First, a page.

Today’s article is the first in a new series called ‘From ideas to investments’ which takes an in-depth look at how to generate investment ideas from fundamental data and develop those ideas into profitable investments. We’ll be looking at the benefits and pitfalls of stock screening and subsequent steps in developing a unique style incorporating your own judgements about businesses and their prospects.
Thinking up investment ideas is as simple as exposing yourself to useful information and making the right connections. Not all information is useful, though, and to discriminate, investors must take a view on how the stock market actually works.
According to Scientific American, the original eureka story may not be true. Archimedes probably didn’t realise how to work out whether the tyrant Hiero’s gold wreath was debased with silver while lying in the public baths. As he sank into the water one day, he may have observed that the volume displaced was an exact measure of his volume, but it was unlikely to have ignited the idea that a given weight of gold would, therefore, be bulkier and displace more water when mixed with lighter silver.
It turns out measuring displacement wasn’t the most accurate method of measuring the volume of light objects known at the time. The story is probably corrupted in the oldest source we have, written down about 200 years after it would have happened.
The myth persists, though, because it rings true. We’ve all made connections that have sparked new ideas. If the resulting insight is to be useful, the information we connect must be relevant otherwise our judgment will be spurious, a truism that has gained an acronym in computer programming: Garbage In, Garbage Out (GIGO).
In many ways, the practice of generating good investment ideas is as simple as exposing ourselves to useful information and making the right connections. Simple, maybe, but not easy because investors are bombarded by spurious information and inclined to jump to hasty conclusions.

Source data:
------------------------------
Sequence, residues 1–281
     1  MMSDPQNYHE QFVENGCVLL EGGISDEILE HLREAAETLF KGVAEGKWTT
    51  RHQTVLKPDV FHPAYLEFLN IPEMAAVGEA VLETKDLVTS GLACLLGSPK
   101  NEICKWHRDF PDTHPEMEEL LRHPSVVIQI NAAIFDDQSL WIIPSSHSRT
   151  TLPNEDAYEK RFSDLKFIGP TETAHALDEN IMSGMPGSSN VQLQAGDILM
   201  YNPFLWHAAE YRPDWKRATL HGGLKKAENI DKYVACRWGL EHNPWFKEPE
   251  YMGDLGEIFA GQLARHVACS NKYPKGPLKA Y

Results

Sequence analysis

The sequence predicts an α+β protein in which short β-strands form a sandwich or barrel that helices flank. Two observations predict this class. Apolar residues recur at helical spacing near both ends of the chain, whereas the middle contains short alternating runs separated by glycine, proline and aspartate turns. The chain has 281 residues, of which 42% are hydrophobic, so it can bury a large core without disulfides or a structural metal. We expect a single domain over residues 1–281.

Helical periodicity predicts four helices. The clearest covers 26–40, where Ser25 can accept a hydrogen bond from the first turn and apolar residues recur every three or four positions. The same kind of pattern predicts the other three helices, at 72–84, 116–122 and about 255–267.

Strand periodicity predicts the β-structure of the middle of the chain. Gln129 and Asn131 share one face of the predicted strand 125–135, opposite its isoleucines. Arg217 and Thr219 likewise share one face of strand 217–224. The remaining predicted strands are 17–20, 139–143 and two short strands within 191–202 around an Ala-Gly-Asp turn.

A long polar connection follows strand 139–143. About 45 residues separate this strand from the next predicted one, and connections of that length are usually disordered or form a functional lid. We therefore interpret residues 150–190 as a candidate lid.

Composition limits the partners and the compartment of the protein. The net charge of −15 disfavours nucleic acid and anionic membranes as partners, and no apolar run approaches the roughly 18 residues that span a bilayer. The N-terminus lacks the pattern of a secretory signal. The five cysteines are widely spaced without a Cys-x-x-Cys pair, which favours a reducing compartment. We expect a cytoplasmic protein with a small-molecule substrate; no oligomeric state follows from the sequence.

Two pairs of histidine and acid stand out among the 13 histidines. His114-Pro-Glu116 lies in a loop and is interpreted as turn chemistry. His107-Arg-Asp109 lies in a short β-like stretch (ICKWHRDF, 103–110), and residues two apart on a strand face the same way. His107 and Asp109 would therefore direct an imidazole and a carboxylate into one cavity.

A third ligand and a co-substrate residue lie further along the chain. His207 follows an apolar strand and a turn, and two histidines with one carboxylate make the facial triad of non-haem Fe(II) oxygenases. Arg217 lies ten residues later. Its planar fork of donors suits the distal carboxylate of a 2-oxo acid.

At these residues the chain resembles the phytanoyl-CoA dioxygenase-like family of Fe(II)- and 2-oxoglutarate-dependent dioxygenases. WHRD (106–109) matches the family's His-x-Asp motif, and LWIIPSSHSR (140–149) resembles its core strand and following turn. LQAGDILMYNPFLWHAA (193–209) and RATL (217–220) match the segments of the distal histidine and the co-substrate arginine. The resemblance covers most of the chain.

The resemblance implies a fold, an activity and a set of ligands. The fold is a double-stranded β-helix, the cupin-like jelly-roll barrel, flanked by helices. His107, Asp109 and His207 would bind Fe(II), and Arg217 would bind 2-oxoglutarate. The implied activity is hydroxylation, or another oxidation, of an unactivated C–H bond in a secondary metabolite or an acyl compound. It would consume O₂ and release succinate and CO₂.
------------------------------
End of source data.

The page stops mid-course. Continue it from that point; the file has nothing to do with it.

The notion that markets are not rational is an old one. Benjamin Graham is widely regarded as the father of value investing—a style he practiced as a fund manager—and advocated in lectures and books published from the 1920s to the 1960s and still in print today. He used the metaphor “Mr Market” to describe the stock market.
Mr Market, he said, is like a hyperactive business partner. Every day he tells you what he thinks your part of the business is worth and offers to buy you out or sell you his share. Sometimes his offers seem plausible but often his fears get the better of him, or he is carried away with enthusiasm, and they are downright silly. Graham advised investors not to let Mr Market’s daily offers influence their opinion of the value of a business, but to be ready to take advantage of his manias. Graham said:
“You will be wiser to form your own ideas of the value of your holdings, based on full reports from the company about its operations and financial position.”
Benjamin Graham, Jason Zweig – The Intelligent Investor
The Mr Market metaphor has inspired the careers of countless business-focused investors and investment writers before me. Essentially it’s an exhortation to ignore market garbage, or more politely, speculative chatter and noise, and focus on the fundamentals.